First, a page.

With the memory of the crisis fresh in mind, Congress established the FSOC in the very first title of the Dodd-Frank Wall Street Reform and Consumer Protection Act.  And over the past six years, the FSOC has become an essential pillar of our regulatory architecture.  The Council convenes the regulators for our markets, our banks, insurers, credit unions, broker-dealers, and commodities traders.  Since its founding, FSOC has met 64 times, including 20 meetings open to the public.  In this way, and through hundreds of additional staff-level working sessions, FSOC has institutionalized interagency dialogue and collaboration in a number of challenging, cross-cutting areas.  
 
Our U.S. financial system is complex, and the regulatory structure for oversight of the system is fragmented.  We have three federal prudential banking regulators, two federal market regulators, and a state regulatory system for insurance, banking and securities.  FSOC brings together the individual regulators and allows policymakers to act with the benefit of a more comprehensive view.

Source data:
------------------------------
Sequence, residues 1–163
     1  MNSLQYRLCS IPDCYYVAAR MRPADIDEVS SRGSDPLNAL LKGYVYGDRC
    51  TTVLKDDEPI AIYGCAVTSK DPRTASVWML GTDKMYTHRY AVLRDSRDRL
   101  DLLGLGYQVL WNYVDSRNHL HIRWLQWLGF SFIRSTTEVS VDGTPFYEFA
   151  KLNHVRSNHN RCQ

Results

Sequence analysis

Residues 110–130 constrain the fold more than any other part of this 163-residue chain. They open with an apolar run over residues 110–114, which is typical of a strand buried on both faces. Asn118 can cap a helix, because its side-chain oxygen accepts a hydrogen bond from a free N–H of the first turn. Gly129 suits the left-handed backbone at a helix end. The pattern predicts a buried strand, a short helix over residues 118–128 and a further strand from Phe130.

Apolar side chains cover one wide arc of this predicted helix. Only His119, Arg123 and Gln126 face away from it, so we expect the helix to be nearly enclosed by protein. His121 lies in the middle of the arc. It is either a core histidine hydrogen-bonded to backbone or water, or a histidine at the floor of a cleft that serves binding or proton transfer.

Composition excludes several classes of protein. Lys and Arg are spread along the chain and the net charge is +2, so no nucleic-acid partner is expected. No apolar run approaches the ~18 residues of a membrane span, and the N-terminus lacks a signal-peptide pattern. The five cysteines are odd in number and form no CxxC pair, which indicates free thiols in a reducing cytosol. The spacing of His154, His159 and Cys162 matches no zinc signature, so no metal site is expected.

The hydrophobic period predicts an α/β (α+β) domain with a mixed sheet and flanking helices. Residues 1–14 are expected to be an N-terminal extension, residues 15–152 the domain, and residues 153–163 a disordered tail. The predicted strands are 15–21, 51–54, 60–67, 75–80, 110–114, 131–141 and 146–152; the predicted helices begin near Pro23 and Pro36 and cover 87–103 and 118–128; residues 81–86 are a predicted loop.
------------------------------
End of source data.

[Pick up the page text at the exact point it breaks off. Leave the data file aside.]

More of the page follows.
The Council’s duty is to scan far and wide for emerging risks to stability.  Its scope is intentionally broad, covering areas as diverse as bank prudential standards, clearinghouse risk management, global macro risks, and the structure of capital markets.  FSOC’s mission is inherently forward-looking, and its authorities flexible, in order to keep pace with markets, products, and institutions that are dynamic and constantly evolving.
 
FSOC in Action
FSOC is best known for its authority to designate certain nonbank financial companies, including some that were at the heart of the crisis.  FSOC has exercised this authority with care, designating four institutions.  This action has brought these firms under more appropriate levels of oversight through enhanced supervision by the Federal Reserve.  And FSOC recently de-designated one of the four nonbanks after substantial de-risking by that firm.  Importantly, FSOC also designated eight financial market utilities, placing them under heightened standards and oversight.   
 
Beyond designation, FSOC carries out many other important functions to promote the strength and stability of our financial system.  One of FSOC’s most critical roles is its collective analysis and policy consideration.  In its strongest form, FSOC can take formal steps, such as issuing a recommendation for agency action.  At other times, it can draw attention to areas of risk and prompt action by an individual agency or highlight an emerging issue in its annual report to Congress.  Equally important, the Council’s work is a living process, with increasing or decreasing focus on areas of potential risk as conditions change and markets evolve.